Sarine Voltage

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Sarine Voltage
Sarine Voltage Haight Street Fair.jpg
Sarine Voltage after Haight Street Fair performance
Background information
Born (1959-12-27) December 27, 1959 (age 57)
Hellertown, Pennsylvania, United States
Genres Gothic rock, industrial rock, hard rock, sleaze rock, indie rock, no wave
Instruments Multi-instrumentalist
Years active 1983–present
Associated acts The Power of 3, universal black, Sarine Voltage & The New Post-Modern Tribal Order, Pinocchio Vampire, Steel Town Underground

Sarine Voltage (born December 27, 1959) is an American musician, singer-songwriter, multi-instrumentalist and producer. She is best known for her work with San Francisco "Now Wave" hip-pop band The Power of 3,[1] as well as industrial Goth rockers, universal black.

Her style of writing is laden with counter-melodies from the bass, keyboards, and guitar. The lyrical content mirrors whatever is happening at the time as she shamelessly belts out even the most intimate details of her life and loves, while almost always promoting love, magick, believing in oneself, and having fun.

Early years[edit]

Voltage began her musical quest at the age of 3, with formal ballet, tap, and jazz dance training at Rita Ruth's Conservatory of Dance in Hellertown, Pennsylvania, where she continued on until graduation. At the age of 5, her father brought home a piano and she began to teach herself to play with the aid of a few John Thompson books. With no formal training, she enrolled in an Improvisation class in high school and managed to get into Berklee College of Music based on the recommendation of her teacher, Louis Mazza.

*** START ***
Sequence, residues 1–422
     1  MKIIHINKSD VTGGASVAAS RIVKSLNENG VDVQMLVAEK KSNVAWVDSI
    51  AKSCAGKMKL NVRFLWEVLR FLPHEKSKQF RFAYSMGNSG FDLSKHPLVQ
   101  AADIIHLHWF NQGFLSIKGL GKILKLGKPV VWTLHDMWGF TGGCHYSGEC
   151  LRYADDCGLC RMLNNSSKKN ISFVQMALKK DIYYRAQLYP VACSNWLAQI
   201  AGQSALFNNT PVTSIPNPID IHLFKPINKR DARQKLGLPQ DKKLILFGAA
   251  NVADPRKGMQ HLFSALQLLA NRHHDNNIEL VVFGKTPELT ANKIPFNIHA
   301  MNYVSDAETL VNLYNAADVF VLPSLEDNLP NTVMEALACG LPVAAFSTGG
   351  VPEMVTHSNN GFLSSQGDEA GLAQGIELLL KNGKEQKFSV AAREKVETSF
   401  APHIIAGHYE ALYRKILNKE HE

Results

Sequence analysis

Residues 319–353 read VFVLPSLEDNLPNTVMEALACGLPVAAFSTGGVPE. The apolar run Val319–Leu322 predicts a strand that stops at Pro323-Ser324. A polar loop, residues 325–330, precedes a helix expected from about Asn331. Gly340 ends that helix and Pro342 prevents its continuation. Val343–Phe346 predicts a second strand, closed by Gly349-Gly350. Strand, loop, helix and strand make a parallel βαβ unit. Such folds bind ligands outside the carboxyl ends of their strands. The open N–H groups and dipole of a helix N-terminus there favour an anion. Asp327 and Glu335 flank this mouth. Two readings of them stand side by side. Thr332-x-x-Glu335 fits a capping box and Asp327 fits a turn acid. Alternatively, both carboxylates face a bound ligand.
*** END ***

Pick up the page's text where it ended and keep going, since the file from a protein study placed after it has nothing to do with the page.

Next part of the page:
Musical career[edit]

First playing as keyboardist with Allentown-based Steel Town Underground, MIDI programming, lead vocals and front person were soon added to Voltage's bill.

In 1989, she headed west to start her own band in San Francisco: universal black. The first line-up (1992) included Joe Devlin (Insanity Puppets) on drums, Craig Merrilees on keys/programming and guitar, and Danny Schramm on lead vocal. Fraught with band members’ personal issues and struggles with addiction, this line-up was short-lived.

Voltage next hooked up with Santa Rosa goth-rockers Pinocchio Vampire (1993–1995), which led to recording (with indie label Venture Beyond Records) and international performances from Moscow to Siberia (1994). The PV '94 tour culminated with the Inter-Week festival, a huge event sponsored by Novosibirsk State University and supported by the British Council, bringing together cultural and scientific figures in the scientists' enclave of Akademgorodok. Voltage exited the band in 1995 to re-group and focus back on universal black. This 1995 line-up was to feature Mike Rosen (Metagalaxxy), then only 14 years old, on bass/vocals, Mark Smith (PV) on guitar/vocals, and Alex Whitaker on drums/vocals. In 1996 "left…right", an 11-song CD, was released on Venture Beyond Records, and an international tour of Poland and Belarus followed, inspired by Holbrook Teter's invitation to represent the U.S. in Mozyr in 1996 where universal black headlined "ECO-ROCK" the benefit relief concert held during the 10th Anniversary of the Chernobyl disaster conferences ("Chernobyl: 10 Years After”) to raise consciousness and cash for the Belarusian victims of the meltdown.